“Let me explain to my children that Virginia was one of the states that stood up to bullies”
Bari, one of our supporters Ashburn, wrote this eloquent letter to her legislators - Delegate David Ramadan and Senator Mark Herring and gave us permission to share. You can take a look at EV Advocates Legislative Scorecard to see that Sen. Herring is on the side of equality and his colleague Del. Ramadan has not been.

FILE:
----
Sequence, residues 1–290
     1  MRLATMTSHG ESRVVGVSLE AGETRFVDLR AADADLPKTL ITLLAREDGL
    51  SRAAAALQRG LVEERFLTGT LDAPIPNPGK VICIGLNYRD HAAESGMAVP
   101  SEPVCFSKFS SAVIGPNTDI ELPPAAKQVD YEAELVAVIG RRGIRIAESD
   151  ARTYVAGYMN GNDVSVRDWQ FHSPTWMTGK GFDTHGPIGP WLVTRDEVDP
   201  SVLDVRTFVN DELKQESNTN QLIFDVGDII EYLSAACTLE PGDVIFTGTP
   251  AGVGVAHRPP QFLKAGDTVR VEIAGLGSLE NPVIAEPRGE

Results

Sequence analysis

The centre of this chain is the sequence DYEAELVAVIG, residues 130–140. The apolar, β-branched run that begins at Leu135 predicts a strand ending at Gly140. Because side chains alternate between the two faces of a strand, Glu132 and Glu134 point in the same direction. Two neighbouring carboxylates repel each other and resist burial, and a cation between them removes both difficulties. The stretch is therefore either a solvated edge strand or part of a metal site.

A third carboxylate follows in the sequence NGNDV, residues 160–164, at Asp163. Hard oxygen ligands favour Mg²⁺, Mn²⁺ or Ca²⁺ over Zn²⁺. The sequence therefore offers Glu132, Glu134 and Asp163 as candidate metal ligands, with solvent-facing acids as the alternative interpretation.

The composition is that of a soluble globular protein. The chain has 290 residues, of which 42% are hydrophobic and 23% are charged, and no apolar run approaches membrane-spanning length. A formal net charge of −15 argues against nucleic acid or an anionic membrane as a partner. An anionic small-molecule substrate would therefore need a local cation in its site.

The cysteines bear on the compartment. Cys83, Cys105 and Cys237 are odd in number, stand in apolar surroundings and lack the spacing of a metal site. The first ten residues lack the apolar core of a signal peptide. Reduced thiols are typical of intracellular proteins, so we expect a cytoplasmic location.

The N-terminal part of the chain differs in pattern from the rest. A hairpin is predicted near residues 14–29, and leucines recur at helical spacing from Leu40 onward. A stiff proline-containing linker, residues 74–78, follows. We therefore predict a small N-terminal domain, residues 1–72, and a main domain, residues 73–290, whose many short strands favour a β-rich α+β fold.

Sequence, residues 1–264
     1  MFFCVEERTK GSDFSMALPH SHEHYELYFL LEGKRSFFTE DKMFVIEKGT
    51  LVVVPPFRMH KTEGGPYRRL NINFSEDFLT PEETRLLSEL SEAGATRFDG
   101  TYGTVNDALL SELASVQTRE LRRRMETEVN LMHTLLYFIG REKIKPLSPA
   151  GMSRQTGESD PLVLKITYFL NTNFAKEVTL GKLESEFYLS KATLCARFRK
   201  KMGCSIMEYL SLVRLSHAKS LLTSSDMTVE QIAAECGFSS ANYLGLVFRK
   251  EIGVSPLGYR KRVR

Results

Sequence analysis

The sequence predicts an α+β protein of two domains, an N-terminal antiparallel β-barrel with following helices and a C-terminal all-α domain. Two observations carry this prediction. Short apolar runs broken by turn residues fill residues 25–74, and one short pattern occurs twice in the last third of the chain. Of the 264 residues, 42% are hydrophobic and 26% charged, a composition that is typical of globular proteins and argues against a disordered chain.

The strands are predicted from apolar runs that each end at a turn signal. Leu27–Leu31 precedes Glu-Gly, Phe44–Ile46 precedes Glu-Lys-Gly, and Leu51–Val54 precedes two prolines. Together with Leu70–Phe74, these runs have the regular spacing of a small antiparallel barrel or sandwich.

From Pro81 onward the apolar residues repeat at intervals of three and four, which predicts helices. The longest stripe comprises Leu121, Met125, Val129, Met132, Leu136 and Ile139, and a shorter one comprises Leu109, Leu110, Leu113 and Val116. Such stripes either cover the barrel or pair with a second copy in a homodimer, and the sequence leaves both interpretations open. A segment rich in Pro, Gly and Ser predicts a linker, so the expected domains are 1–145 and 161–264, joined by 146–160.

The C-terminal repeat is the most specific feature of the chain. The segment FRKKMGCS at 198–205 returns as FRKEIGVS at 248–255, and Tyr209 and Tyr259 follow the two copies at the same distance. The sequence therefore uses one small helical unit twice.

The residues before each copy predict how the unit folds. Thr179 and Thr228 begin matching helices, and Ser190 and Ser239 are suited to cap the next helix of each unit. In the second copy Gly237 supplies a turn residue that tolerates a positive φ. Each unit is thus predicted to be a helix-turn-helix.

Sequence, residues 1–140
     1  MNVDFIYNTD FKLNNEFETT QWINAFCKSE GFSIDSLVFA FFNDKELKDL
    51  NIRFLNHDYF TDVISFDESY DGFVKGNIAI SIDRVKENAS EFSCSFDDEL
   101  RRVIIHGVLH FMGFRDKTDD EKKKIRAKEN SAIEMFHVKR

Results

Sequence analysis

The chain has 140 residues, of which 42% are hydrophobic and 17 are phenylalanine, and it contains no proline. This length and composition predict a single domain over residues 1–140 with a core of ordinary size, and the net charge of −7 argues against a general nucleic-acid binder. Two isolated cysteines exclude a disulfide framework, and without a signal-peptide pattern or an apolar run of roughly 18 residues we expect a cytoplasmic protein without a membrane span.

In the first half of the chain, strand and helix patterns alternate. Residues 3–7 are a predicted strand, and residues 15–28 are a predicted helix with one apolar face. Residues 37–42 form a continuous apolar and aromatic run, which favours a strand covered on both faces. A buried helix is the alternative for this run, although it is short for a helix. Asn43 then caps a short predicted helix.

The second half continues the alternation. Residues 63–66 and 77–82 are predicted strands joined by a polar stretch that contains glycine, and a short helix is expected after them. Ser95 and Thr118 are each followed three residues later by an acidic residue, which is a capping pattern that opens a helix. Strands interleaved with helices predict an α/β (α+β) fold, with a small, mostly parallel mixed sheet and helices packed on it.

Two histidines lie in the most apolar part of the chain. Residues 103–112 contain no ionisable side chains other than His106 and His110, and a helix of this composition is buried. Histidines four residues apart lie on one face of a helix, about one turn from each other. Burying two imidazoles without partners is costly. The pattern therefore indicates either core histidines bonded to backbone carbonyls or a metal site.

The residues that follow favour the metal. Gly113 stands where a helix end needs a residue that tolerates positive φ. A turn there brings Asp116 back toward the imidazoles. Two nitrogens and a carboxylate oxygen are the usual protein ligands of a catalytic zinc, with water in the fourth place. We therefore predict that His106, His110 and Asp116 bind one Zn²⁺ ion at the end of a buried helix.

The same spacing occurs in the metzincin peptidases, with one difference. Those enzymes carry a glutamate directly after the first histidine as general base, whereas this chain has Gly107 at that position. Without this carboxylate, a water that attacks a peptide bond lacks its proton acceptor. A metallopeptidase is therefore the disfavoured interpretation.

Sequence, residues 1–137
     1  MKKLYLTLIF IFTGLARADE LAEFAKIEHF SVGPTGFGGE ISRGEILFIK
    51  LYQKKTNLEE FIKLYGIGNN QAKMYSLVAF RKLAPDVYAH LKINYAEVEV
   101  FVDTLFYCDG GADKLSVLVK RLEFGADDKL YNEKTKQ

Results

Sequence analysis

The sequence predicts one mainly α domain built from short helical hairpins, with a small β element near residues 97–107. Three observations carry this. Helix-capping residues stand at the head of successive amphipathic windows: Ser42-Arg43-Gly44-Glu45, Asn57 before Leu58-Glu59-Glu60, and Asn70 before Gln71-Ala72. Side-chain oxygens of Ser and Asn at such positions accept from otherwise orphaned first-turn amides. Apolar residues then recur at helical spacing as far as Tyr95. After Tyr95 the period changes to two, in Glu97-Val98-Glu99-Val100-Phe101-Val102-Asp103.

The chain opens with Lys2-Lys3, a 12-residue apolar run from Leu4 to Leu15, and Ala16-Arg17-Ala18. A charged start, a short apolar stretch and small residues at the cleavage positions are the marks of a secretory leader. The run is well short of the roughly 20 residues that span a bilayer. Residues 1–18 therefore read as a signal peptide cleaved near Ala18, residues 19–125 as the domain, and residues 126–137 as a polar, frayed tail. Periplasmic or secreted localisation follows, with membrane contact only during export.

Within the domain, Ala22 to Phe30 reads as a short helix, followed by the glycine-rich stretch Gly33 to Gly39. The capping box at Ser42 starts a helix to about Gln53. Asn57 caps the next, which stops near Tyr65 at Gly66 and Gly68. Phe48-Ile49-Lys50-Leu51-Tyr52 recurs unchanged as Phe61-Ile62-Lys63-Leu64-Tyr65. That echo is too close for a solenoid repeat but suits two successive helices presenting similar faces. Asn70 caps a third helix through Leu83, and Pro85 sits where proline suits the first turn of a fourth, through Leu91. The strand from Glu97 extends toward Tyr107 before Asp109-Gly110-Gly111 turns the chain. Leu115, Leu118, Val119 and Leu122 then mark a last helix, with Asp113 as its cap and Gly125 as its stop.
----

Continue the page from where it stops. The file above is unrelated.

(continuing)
RE: Tolerance and Equality Dear Sir, [caption id="attachment_1633" align="alignright" width="300"] Mark Herring[/caption] I have lived in Ashburn (Brambleton area), Virginia for the past 9 years. I am a stay at home mother of two school age boys and my husband is a family doctor in Herndon. The area in which we live is incredibly diverse, ethnically and religiously (if not economically). No exaggeration: I live on a street with Jews, Moslems, Evangelical Christians, Protestants of various denominations, Catholics and atheists. Some are first generation Americans and some (I am sure) have been in the United States for many generations. My husband and I love raising our children with the diversity our community affords. We work to instill three main values in our children: Independence, Tolerance, and Fiscal Responsibility. It is the tolerance theme that has accounted for most of the instructional conversations in our house of late. My children (and ALL of their friends) are being taught not to bully or demean others in the schoolyard. We speak often to our children of the responsibility to be fair and tolerant of ALL people. Because we live in an area with many outspoken Evangelical Christians, I instruct them that while some people are guided very strongly in their daily lives by their belief in Christ as their savior, it is important as a Jew to gently let others know that their beliefs are not the beliefs of all. [caption id="attachment_1634" align="alignright" width="178"] David Ramadan[/caption] Growing up in Scranton, Pennsylvania my hairdresser was gay as were most of the men who worked in his shop. As a young adult attending college outside of Boston, Massachusetts a few of my college friends were openly gay or bisexual. My first Synagogue in Ashburn, Virginia hired an openly gay rabbi. Because of these experiences, I never understood how people could openly discriminate against bisexuals and homosexuals. I continue to be amazed that otherwise gentle and sensitive people feel comfortable with their right to discriminate against the LGBT community. I do not judge people on the basis of their sexual orientation because to do so is the adult version of bullying those who are different. My 13 year old asked me a question yesterday, and I had to pause before answering to gather my thoughts. "What happens to a same sex couple who gets married in Maryland and then moves to Virginia? Are they not married anymore?" I am ashamed that I had to tell him that in Virginia, their marriage will not be recognized. Right now, lesbian, gay, bisexual, and transgender Virginians do not receive the same rights as their straight counterparts. LGBT Virginians can be fired, relationships of loving couples are not recognized, and youth in the foster or adoption system are missing out on having a loving family. Right now, a same sex couple who has a valid marriage 30 miles from my home is in a state of limbo when they travel or move to Virginia. We have a moral and ethical obligation to honor a marriage that is legal in other jurisdictions. We have a moral and ethical obligation to protect the rights of LGBT Virginians who are treated unfairly by their government, their employers, and their community. While some in our Commonwealth may disagree with the notion of LGBT equality, there is no valid public policy argument to support this type of discrimination. Remember the miscegenation laws? Segregation? Racially discriminatory housing regulations? The courts found that discrimination on the basis of race cannot be justified by public policy arguments. Because of these court decisions, racial discrimination slowly becomes a thing of past. Virginia was one of the last states to protect the rights of people of color. Do not place us in this embarrassing position again. The prejudice or religious beliefs of some cannot and must not dictate the public policy for our great Commonwealth. Let me explain to my children that Virginia was one of the states that stood up to bullies and those who believe that their religion is the only proper belief system. Please consider supporting LGBT rights for Virginians. Sincerely, Bari Barton Cooper
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